The thing about this case is that rather than not covering what appeared at first blush to be a major international story, it turns out that the media had uncritically repeated allegations without bothering to find anything substantial to back up its claims. So the media was to blame in the case of the Brazilian forest fires, but not for the reasons given by Shrivell and others.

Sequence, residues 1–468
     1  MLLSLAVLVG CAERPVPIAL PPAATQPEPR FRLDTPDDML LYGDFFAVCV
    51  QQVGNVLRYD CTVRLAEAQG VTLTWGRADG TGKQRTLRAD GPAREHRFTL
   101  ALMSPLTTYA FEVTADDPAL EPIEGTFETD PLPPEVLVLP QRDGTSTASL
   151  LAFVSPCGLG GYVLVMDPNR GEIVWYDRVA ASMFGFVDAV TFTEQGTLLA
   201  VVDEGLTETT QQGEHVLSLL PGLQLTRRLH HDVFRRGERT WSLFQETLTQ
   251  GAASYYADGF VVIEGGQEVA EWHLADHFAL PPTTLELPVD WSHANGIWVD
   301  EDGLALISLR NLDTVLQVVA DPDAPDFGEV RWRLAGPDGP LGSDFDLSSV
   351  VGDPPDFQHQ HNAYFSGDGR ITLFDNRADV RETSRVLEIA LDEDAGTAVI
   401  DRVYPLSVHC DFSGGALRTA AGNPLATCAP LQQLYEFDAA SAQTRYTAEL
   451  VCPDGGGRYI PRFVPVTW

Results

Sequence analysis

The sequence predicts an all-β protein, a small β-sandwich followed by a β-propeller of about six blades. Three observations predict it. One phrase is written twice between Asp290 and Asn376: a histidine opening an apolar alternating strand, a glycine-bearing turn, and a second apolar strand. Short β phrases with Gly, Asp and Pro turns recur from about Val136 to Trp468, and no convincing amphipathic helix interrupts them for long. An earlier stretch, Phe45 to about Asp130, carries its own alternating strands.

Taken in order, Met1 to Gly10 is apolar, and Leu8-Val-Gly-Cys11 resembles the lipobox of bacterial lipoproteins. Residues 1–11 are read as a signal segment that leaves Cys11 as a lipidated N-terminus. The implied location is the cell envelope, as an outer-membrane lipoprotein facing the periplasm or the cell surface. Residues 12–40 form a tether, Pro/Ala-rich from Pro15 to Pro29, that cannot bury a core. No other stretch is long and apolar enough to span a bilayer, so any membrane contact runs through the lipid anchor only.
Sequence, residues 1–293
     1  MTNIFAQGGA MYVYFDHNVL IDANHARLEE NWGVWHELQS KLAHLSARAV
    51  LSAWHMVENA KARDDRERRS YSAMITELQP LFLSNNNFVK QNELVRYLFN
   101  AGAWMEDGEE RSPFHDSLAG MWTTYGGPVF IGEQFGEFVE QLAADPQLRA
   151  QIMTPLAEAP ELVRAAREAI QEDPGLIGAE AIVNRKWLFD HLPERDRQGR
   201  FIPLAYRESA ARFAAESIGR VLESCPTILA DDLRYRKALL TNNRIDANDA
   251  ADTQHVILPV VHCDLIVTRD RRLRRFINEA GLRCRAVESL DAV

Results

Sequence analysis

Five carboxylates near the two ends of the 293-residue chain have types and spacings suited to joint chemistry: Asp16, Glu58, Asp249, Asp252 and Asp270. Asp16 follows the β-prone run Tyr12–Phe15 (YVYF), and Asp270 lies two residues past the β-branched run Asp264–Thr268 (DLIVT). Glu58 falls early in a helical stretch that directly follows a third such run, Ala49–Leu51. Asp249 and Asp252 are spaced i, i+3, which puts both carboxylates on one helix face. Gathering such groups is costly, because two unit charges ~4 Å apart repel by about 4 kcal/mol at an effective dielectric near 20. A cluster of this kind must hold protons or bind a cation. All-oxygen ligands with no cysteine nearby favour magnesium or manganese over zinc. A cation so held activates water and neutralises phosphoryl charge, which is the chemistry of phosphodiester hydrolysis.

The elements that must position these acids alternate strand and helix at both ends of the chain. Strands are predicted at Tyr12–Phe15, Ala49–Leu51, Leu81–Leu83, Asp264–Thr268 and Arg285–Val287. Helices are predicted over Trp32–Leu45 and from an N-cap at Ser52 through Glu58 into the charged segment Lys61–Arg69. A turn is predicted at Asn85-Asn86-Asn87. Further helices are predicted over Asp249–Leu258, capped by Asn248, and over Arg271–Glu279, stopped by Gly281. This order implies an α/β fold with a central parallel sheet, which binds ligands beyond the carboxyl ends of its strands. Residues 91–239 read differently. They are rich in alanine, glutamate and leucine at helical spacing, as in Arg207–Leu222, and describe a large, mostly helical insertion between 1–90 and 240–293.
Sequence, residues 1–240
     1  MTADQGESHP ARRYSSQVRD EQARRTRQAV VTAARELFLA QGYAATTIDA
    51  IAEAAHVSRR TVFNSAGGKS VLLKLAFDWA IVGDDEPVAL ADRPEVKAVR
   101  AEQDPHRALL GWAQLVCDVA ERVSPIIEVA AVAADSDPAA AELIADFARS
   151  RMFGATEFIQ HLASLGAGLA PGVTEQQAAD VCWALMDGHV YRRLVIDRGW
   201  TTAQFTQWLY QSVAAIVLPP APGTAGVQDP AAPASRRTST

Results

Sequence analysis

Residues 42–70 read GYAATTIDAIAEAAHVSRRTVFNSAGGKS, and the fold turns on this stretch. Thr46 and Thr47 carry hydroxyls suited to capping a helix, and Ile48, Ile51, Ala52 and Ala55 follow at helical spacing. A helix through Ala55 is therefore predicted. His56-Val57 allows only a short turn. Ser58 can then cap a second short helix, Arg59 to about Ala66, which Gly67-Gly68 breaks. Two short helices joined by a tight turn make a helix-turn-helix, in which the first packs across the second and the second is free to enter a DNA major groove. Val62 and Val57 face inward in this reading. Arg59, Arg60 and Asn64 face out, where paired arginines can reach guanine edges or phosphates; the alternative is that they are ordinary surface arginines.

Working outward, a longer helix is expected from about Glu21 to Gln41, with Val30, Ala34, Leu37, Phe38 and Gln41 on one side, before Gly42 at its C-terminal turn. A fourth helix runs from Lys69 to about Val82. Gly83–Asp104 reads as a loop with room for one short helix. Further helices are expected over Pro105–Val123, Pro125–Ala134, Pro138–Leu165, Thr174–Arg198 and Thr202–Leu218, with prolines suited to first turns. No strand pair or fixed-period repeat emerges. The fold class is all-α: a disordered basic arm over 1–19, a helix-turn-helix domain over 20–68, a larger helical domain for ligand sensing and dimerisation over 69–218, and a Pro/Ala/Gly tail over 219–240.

[UPDATE 10.44am, 27 August 2019]: So today the Guardian actually does some real journalism and gets a guy on the ground in Rio de Janeiro to do some phoning. He finds some bureaucrats in the environment department to say (on deep background; they won't give their names) that their organisation had evidence of some fires deliberately lit to clear forest in order to make land suitable for grazing or for cropping (it's not stated which) in the state of Para. The fires started burning on 10 August, which coincides with a photo taken from a satellite showing some smoke over the west of the country on 12 August (see below). The point of origin of this smoke could easily be in Para. The image was copied from the ABC story mentioned in the above blogpost.